Remembering Gush Katif

jh website aug 13

What’s the difference between an evacuation and an expulsion? The people of Gush Katif, the bloc of Jewish Settlements in the Gaza strip, who were razed to the ground exactly ten years ago, will tell you that it depends on who you ask.
The Israeli Unilateral Disengagement Plan from Gaza was conceived by the prime minister at the time Ariel Sharon, in April of 2004. He began the long and laborious project of gaining support for what seemed to be by many an unwise strategy. While the majority of Sharon’s Likud party members voted in a referendum against the plan (65%) Sharon amended the plan and had his cabinet vote on it after dismissing two cabinet members and coming to a compromise deal with yet another. The dwindled cabinet approved the plan 14-7 and thus Sharon began to plan for the Israeli parliament vote in the fall.
On February 16, 2005 the law of the Israeli Disengagement from Gaza was given final approval by the Knesset, which led to massive protests and demonstrations of the many Israeli citizens who strongly objected to the plan. The army began to train special units to learn how to forcibly evacuate families from their homes. The government amended and changed laws concerning the sums of compensation money it would allocate towards helping the inhabitants of Gush Katif resettle in new areas and rebuild their lives that had been destroyed.
Economically, the evacuation/expulsion made no sense. Gush Katif was a truly profitable agricultural, biotech region. Ten percent of all Israeli produce was grown in Gush Katif. Sixty five percent of all Israeli organic export produce was from Gush Katif. The area also produced 95% of all cherry tomato exports, 90 percent of all bug free leafy vegetables, 60% of Israeli herb exports, 45% of tomato exports, and 60% of all of Israel’s geranium exports. The 350 family-run agricultural businesses built hothouses over approximately 1000 acres of land with an estimated value of over $80,000,000. These businesses employed 10,000 people, 5000 Jewish workers and 5000 Palestinian workers. Everything was destroyed, and, today, ten years later, a large percentage of the businesses have not been rebuilt and a large number of the people forced to leave are unemployed.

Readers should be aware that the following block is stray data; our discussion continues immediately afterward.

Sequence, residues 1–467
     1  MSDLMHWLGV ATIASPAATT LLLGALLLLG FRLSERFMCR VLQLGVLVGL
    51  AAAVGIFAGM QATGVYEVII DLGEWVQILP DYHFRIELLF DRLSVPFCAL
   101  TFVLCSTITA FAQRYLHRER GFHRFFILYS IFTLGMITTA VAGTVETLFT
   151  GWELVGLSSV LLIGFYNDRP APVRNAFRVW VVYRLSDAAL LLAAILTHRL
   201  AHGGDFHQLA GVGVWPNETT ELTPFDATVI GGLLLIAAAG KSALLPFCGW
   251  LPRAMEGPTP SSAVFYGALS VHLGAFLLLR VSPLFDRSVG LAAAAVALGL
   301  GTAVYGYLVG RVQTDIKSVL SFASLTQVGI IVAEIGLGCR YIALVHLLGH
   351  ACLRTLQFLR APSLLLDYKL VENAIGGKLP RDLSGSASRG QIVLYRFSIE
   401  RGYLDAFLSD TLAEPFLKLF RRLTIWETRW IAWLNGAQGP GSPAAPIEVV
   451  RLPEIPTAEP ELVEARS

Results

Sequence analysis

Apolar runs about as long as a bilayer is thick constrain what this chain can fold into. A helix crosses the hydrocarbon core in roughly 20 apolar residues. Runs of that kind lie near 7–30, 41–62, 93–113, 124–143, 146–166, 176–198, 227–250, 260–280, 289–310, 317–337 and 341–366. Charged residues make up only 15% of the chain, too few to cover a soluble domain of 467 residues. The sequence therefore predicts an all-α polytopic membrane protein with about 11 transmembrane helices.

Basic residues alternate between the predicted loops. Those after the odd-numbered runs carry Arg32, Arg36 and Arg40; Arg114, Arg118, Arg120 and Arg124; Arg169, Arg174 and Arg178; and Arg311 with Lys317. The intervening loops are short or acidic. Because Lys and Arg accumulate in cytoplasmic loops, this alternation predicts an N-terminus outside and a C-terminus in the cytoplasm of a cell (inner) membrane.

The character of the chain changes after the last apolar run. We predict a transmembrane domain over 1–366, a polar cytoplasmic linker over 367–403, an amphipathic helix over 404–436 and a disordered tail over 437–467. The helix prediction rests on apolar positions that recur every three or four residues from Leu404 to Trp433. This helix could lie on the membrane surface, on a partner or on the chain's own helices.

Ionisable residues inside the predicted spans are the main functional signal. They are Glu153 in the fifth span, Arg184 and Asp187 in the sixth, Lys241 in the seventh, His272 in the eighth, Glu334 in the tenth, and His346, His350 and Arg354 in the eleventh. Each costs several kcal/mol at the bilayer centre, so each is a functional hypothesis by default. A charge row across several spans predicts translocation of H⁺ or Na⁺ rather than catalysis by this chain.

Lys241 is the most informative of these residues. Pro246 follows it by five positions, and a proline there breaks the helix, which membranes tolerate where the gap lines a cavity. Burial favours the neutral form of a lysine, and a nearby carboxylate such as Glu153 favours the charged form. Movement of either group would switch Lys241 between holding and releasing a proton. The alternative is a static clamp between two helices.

Strategically, the plan made no sense. Undeterred by warnings from strategic experts, Israeli government officials told the Israeli population and the international world that the evacuation would lower terrorism and bring more security to the region. Strangely, it did just the opposite. After evacuating all Israeli citizens from the area, the IDF withdrew from the Gaza strip. Since then, over 14,000 rockets have been fired at millions of Israeli civilians from the Gaza Strip (an average of 4 a day for ten years). Israel has been forced to activate three major military operations in which many soldiers were killed, in order to stop the missiles and the digging of underground terror tunnels.
Perhaps what really made no sense about the evacuation was the humanitarian perspective. People who had paid taxes, served in the Israeli army and raised families for decades in the Gaza region were forcibly removed from their houses and not given any viable options to continue their lives. Business owners and farmers were forced to leave everything behind and register for unemployment. The government demolished the houses of Gush Katif, yet the former residents continued to pay their monthly mortgages. People were sent to live in hotels and guest houses for months and then sent to live in temporary structures. It’s ten years later and many still have no options for employment or appropriate housing. The physical and emotional hardship took its toll. Couples divorced, teens turned to drugs and some developed suicidal tendencies, and a disproportionate number developed chronic or fatal illnesses.
Yet the people of Gush Katif, as a whole, remain strong. Many stayed together as organic communities, waiting years for the government to allocate living areas for all of their members. Some were able to save their equipment and hothouses and have somehow managed to acquire land. Many of the children of August 2005 have gone into the army or national service. And many have gone on to marry and build families. The dream of Gush Katif lives within them and every year, on the anniversary of their expulsion from their homes and communities, they journey to the Kissufim crossing. Kissufim, a nearby town, literally means “yearning”, and is the closest checkpoint within Israeli borders before crossing into Gaza. They stand at Kissufim and attempt to see the area where their homes once stood.
And they dream to return.

Published: August 13, 2015
FavoriteLoadingAdd to favorites. To view your favorites click here
This video has 2 votes